Weekend wrap-up: Chiefs, K-State, Sporting KC, Mizzou and Kansas
The Kansas City Star
Last Dec. 12, the Chiefs fired Todd Haley because of a lack of consistency and progress. Today, exactly 11 months later, they’re consistently losing and progressing deeper into punch lines.
Aside from the terrible Chiefs, the biggest story in our area is obviously Kansas State’s now completely-up-to-them BCS championship chances.
I know K-State fans well enough to know they might need some reassurance that they aren’t about to get screwed, but the simple fact is that if the Wildcats beat Baylor this week and Texas on Dec. 1 they will play for the national championship 25 years after Sports Illustrated’s Futility U article.
K-State just needs to make sure there are no new Sirr Parkers.
You may have seen where Lance Armstrong cut all ties to the Livestrong foundation he started, removing himself from the board.
I wrote last week that Sporting Kansas City had a decision to make about its own ties to Livestrong, most notably the name on the stadium. The decision makers aren’t saying much publicly, but privately, this is one of their top offseason priorities.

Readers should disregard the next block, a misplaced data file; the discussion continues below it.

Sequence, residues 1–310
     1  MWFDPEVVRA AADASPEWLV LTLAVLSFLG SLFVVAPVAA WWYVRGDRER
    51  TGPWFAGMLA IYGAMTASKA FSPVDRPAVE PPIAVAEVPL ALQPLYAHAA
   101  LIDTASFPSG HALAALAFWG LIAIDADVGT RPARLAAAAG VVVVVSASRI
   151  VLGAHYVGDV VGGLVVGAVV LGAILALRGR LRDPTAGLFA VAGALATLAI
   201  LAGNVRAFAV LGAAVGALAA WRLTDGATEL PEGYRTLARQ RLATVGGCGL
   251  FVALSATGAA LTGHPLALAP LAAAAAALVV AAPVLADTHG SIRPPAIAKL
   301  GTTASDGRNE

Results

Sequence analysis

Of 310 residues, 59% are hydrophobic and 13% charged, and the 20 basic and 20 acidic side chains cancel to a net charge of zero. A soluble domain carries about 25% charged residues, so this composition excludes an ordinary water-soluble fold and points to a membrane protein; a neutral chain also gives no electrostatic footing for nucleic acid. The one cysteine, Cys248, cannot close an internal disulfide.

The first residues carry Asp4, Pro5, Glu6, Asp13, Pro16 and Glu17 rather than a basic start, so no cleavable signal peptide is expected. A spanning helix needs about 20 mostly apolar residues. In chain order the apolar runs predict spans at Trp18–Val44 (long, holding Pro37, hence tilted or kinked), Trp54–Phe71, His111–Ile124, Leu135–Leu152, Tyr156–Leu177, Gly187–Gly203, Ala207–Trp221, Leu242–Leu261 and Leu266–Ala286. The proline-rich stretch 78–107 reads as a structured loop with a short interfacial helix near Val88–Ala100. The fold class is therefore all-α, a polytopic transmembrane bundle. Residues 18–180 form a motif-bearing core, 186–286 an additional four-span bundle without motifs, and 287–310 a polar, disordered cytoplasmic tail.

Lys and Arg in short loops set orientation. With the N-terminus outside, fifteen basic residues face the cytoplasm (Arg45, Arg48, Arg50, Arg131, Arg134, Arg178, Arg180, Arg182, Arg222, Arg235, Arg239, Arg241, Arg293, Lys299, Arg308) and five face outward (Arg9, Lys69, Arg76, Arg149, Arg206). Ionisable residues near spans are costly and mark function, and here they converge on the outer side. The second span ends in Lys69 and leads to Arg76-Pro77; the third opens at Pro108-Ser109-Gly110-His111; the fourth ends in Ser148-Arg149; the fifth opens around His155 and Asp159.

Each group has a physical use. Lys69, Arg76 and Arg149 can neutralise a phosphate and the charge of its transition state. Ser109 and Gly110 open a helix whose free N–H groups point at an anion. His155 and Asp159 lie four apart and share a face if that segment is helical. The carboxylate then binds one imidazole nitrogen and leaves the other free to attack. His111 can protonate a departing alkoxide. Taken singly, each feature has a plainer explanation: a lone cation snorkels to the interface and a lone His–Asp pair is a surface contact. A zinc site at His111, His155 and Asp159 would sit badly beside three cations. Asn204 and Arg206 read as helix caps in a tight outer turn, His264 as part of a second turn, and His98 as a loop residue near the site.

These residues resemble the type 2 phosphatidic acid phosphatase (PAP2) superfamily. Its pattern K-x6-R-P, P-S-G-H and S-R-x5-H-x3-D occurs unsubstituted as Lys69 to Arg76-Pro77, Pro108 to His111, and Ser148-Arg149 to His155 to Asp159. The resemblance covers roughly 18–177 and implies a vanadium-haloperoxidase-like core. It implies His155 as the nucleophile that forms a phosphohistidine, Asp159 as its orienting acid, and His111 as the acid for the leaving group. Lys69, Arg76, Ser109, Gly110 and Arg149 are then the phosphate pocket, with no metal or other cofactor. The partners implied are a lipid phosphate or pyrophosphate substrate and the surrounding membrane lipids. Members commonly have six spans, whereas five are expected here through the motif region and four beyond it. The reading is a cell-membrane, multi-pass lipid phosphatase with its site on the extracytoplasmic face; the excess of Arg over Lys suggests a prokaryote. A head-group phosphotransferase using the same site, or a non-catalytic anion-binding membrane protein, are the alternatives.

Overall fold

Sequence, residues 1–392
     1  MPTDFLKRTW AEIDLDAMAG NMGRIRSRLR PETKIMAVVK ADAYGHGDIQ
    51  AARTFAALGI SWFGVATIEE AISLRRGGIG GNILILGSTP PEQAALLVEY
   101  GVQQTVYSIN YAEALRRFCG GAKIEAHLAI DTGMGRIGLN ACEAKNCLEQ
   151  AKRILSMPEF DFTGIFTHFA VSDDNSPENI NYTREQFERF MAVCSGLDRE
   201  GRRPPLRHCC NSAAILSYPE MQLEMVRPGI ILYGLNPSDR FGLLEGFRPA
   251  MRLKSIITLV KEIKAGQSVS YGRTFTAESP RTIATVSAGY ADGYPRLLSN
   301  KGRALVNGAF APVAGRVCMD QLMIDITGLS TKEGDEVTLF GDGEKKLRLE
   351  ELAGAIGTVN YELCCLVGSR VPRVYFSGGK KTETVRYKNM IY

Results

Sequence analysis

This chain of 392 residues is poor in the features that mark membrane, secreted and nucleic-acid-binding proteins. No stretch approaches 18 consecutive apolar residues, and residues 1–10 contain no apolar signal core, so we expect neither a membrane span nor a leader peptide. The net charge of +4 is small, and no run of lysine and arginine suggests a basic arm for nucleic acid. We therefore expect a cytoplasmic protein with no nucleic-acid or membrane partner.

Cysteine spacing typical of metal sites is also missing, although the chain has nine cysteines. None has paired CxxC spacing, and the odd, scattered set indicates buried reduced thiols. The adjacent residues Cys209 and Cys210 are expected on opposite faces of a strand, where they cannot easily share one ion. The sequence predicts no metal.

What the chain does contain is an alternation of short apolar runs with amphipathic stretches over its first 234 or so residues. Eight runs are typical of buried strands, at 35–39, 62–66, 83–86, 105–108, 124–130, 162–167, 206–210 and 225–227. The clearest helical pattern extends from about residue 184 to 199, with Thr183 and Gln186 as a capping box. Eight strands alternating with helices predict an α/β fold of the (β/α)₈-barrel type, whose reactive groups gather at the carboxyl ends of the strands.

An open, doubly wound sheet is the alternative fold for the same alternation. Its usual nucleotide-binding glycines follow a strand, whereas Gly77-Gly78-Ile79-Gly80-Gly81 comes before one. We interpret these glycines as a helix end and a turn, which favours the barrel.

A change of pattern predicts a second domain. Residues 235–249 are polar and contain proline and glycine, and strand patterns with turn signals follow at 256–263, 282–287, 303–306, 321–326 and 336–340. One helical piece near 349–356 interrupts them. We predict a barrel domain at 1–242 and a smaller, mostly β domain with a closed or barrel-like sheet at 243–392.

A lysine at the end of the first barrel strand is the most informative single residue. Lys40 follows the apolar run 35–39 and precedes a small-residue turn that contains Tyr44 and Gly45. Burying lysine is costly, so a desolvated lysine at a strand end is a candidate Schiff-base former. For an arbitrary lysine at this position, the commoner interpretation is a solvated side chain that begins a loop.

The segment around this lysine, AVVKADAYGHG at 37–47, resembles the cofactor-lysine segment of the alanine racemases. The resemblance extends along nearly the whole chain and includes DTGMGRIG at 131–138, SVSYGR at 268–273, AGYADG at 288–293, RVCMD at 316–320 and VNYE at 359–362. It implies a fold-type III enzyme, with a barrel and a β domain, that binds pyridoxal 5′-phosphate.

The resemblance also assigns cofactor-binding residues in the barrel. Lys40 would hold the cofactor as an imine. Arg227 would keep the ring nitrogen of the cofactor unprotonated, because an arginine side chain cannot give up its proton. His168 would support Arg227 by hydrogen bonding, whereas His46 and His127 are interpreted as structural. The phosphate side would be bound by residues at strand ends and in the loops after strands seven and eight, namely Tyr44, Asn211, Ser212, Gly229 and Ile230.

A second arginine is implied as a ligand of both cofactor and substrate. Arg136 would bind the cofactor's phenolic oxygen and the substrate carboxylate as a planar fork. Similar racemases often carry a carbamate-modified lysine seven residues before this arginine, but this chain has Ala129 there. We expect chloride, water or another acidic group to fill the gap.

I haven’t talked to anyone from Sporting since this latest news broke, but I assume the parameters are the same as before. Sporting wants to be assured that Livestrong can continue its mission of fighting cancer without Armstrong, and that its own brand as a franchise — meticulously cultivated over the last few years — won’t be harmed by the association.
Again, I haven’t talked to anyone since Armstrong did this. But I do think it’s a step toward maintaining the partnership between foundation and franchise.
Missouri and Kansas each had good football weekends. The Tigers saved their bowl chances by beating Tennessee in four overtimes. If MU can beat Syracuse this week at home — a game that looks at least a little more difficult after the Orange beat Louisville — the Tigers can at least get a bowl game out of a disappointing first season in the SEC.
Even if it’s just symbolism and some extra practices for next season, Gary Pinkel can be much more comfortable going forward.
As for Kansas, I dig Charlie Weis saying “there’s no such thing as a great game when you lose,” but the truth is there is such thing as a great game when you lose if you coach at Kansas and you went into overtime in Lubbock.
I’ve been skeptical about Weis’ prospects of turning Kansas football around — a bowl game in year three is a reasonable goal — but combined with taking Texas down to the wire the Jayhawks are clearly improving.